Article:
America’s top lawyer has said Donald Trump’s tweets “make it impossible for me to do my job”.
But Attorney General William Barr, the head of the Department of Justice (DOJ), has insisted Mr Trump “has never asked me to do anything in a criminal case”.
Responding to accusations the department bowed to Mr Trump’s will to recommend less jail time for his former campaign adviser Roger Stone, Mr Barr admitted his job would be easier if the president stopped using Twitter to discuss prosecutions.
“I think it’s time to stop the tweeting about Department of Justice criminal cases,” told ABC News.
“I’m not going to be bullied or influenced by anybody… whether it’s Congress, a newspaper editorial board, or the president.
Now it looks like the fore person in the jury, in the Roger Stone case, had significant bias. Add that to everything else, and this is not looking good for the “Justice” Department. @foxandfriends@FoxNews
— Donald J. Trump (@realDonaldTrump) February 13, 2020
“I’m gonna do what I think is right. And you know… I cannot do my job here at the department with a constant background commentary that undercuts me.
And I’m happy to say that, in fact the president has never asked me to do anything in a criminal case.”
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Mr Barr has been in the firing line since top Justice Department officials intervened in the sentencing of Stone, 67, for lying to Congress, witness tampering and obstruction of justice.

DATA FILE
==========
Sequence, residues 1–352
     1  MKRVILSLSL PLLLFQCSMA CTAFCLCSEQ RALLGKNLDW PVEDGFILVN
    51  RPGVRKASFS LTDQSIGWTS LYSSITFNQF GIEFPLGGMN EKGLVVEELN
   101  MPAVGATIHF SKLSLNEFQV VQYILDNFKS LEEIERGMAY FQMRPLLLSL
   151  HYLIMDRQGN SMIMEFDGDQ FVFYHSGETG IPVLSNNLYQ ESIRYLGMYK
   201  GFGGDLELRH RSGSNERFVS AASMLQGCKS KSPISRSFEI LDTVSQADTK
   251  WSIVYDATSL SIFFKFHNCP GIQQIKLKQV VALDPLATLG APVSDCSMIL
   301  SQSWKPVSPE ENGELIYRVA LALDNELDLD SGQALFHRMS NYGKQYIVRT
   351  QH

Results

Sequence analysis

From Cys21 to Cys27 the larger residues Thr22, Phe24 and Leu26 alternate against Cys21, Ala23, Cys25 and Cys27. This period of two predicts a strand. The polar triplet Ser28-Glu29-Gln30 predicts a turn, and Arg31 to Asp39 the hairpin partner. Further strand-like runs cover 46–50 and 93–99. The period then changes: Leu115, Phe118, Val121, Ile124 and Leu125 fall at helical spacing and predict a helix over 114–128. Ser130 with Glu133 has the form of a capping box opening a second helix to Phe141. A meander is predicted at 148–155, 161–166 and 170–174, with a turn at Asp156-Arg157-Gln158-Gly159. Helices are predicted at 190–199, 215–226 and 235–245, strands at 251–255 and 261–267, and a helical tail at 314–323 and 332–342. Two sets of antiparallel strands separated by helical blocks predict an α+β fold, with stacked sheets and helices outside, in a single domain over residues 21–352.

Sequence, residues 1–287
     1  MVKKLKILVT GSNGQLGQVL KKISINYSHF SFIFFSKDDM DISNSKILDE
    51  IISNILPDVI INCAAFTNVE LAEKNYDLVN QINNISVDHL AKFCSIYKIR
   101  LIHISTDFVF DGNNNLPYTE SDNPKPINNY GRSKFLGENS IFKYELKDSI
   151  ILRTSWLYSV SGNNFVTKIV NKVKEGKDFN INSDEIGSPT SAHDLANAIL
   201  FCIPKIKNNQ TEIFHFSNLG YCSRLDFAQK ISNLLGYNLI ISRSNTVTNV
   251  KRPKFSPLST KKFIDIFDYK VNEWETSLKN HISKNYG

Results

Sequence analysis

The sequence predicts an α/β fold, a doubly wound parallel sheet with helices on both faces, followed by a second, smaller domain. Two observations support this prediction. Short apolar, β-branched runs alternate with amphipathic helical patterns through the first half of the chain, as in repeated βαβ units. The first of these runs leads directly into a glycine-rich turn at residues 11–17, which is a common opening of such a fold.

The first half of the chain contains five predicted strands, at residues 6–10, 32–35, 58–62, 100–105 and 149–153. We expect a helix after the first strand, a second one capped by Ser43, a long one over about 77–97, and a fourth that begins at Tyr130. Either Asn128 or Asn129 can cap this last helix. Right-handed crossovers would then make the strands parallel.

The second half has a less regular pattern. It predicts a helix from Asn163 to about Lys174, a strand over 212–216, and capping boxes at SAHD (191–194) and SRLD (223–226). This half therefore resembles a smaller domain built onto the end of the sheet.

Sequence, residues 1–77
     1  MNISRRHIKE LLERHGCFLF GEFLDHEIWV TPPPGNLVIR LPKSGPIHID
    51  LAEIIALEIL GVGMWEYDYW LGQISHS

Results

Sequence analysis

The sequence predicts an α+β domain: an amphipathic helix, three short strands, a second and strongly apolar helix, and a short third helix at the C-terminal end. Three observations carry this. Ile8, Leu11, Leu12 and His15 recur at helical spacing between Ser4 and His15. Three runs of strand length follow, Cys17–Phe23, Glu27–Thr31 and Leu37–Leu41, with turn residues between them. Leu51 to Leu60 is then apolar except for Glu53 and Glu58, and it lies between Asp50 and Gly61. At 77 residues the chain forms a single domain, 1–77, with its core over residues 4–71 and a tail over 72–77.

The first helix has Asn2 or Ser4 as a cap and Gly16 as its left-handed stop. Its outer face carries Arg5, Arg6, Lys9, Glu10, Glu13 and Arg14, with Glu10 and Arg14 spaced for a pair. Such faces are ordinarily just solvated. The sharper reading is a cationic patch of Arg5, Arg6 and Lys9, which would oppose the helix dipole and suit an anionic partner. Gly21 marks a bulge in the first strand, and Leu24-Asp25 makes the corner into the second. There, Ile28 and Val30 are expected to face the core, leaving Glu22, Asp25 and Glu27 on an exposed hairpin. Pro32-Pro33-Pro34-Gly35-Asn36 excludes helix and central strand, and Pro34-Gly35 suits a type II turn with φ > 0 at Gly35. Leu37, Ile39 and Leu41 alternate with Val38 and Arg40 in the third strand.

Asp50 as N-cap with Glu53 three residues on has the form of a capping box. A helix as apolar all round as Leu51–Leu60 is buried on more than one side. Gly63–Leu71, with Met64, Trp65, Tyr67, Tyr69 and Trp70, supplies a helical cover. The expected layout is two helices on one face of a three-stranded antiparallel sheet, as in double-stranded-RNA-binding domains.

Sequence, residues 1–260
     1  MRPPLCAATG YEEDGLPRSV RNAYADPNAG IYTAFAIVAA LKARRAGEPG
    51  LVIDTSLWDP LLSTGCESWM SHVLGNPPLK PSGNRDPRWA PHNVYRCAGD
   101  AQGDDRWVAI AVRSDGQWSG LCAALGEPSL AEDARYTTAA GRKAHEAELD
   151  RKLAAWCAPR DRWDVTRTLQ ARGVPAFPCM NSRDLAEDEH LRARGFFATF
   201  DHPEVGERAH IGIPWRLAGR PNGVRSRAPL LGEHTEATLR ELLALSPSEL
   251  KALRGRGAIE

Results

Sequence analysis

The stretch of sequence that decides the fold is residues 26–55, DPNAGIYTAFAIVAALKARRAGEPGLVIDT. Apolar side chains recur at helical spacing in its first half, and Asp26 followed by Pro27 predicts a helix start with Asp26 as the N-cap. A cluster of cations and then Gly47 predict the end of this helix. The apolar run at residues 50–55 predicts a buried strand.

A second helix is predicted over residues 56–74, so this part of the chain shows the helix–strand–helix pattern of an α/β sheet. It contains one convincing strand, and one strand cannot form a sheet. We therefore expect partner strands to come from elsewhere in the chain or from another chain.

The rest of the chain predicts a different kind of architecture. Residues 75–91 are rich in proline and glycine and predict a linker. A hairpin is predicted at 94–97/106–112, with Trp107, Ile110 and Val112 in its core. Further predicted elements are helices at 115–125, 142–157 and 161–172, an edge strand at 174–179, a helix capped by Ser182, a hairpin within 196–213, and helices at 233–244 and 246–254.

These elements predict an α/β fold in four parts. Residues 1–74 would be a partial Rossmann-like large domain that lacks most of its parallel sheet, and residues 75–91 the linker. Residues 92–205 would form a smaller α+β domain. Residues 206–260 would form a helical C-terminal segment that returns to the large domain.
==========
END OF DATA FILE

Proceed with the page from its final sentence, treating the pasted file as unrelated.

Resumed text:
His conviction arose out of the Mueller investigation into Russian interference in the 2016 presidential election.
In response to his comments, Mr Trump tweeted on Friday that he had a “legal right” to ask Mr Barr for involvement in a criminal case, but that it was his choice not to.
He wrote: “This doesn’t mean that I do not have, as president, the legal right to do so, I do, but I have so far chosen not to.”
This is a horrible and very unfair situation. The real crimes were on the other side, as nothing happens to them. Cannot allow this miscarriage of justice! https://t.co/rHPfYX6Vbv
— Donald J. Trump (@realDonaldTrump) February 11, 2020
Prosecutors in the case wanted him to serve seven to nine years for a “direct and brazen attack on the rule of law”.
But the department told the judge in the case that such a punishment – which was in line with sentencing guidelines – “would not be appropriate.”
Mr Trump’s response was typically abrasive, tweeting it was “horrible and very unfair” and that “the real crimes were on the other side.”
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“Cannot allow this miscarriage of justice!” he added.
Questions immediately arose over whether the intervention came at the president’s behest, but Mr Barr said he thought seven to nine years was excessive right from the start and that he wondered if it was spin when he heard it.
He claimed he told staff his thoughts that night, before Mr Trump tweeted.
The entire four-man DOJ prosecution team withdrew from the case, and one prosecutor resigned from the department entirely.
Even long-time Trump ally, Senator Lindsey Graham, chair of the Judiciary Committee that oversees the Justice Department, said the president should not have tweeted about an ongoing case.
The Justice Department, while led by a president appointee and Cabinet member, is expected to enforce the law and defend the interests of the US without political influence.